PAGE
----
Genghis Khan

Genghis Khan and the Making of the Modern World
In the book “Genghis Khan and the Making of the Modern World”, Jack Weatherford talks about the 13th century Mongol conqueror and the highlights to how he became the most important man in history. Weatherford described Khan’s empire as incomparably vast, one that fostered free trade and let all religions thrive. The Mongols under Genghis Khan, created the largest empire in history, ruling all of Eurasia from China to Russia and the Middle East. They came close to uniting Eurasia as one, almost making it a world empire, and in doing so, they spread around new technologies such as paper, paper money, trousers, gun-powder and the compass. So when asked the questioned “Who was the person the influenced world history the most?” Genghis Khan should be your answer.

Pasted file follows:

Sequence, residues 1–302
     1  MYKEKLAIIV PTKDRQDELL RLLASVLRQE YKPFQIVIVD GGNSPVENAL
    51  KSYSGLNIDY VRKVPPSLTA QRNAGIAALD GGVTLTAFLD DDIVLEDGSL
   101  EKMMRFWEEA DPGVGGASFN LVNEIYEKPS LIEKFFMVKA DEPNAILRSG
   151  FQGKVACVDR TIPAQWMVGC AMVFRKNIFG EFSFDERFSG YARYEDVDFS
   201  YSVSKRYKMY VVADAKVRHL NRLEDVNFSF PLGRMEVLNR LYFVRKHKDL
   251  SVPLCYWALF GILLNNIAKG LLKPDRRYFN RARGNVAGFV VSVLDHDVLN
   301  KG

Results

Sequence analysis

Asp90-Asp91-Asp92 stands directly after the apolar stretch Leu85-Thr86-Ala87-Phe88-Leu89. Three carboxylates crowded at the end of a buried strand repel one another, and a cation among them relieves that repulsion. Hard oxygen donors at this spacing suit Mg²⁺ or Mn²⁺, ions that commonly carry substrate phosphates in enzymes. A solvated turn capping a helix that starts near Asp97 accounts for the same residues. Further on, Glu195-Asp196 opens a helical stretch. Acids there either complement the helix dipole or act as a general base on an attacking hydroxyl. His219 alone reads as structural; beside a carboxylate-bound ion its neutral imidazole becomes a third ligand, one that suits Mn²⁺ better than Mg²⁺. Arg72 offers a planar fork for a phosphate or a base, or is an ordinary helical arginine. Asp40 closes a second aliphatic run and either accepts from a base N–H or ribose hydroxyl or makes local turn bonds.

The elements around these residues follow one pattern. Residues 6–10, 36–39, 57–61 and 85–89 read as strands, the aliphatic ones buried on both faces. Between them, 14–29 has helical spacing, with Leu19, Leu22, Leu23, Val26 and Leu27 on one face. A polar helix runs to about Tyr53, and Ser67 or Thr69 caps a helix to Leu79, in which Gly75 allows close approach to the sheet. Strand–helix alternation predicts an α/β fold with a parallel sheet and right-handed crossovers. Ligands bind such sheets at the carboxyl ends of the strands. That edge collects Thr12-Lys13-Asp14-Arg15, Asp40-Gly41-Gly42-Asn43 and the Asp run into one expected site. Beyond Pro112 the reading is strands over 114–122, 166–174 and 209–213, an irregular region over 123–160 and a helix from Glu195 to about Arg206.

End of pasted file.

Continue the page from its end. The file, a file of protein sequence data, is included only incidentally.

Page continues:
The book is organized into an introduction, three text sections and an epilogue. The main point Weatherford expressed in the introduction was that the world changed, or began to change from medieval to modern because of the Mongols. He talks about the accomplishments, territorial wise, of the Mongols under Khan and he notes that the population was nearly a million people and 100,000 comprised the military. The following section concerns the unification of Mongolia and Genghis Khan’s rise to great power. Genghis Khan was not born a military genius, but was noted on his attack of the Khwarazmian Empire which composed parts of the Middle East (Iraq, Iran, and Afghanistan) and the former Soviet Central Asia. The attacks were not viewed as warfare but as in gaining victory. (Genghis was not self absorbed either, he didn’t allow portraits or statues to be made of him, he didn’t want to be worshipped.) In the second text section, Weatherford talks about the spread of the Mongol Empire outside of Mongolia. He explains the invasions of China, Central Asia, the Middle East and Europe as well as the political background from the perspective of…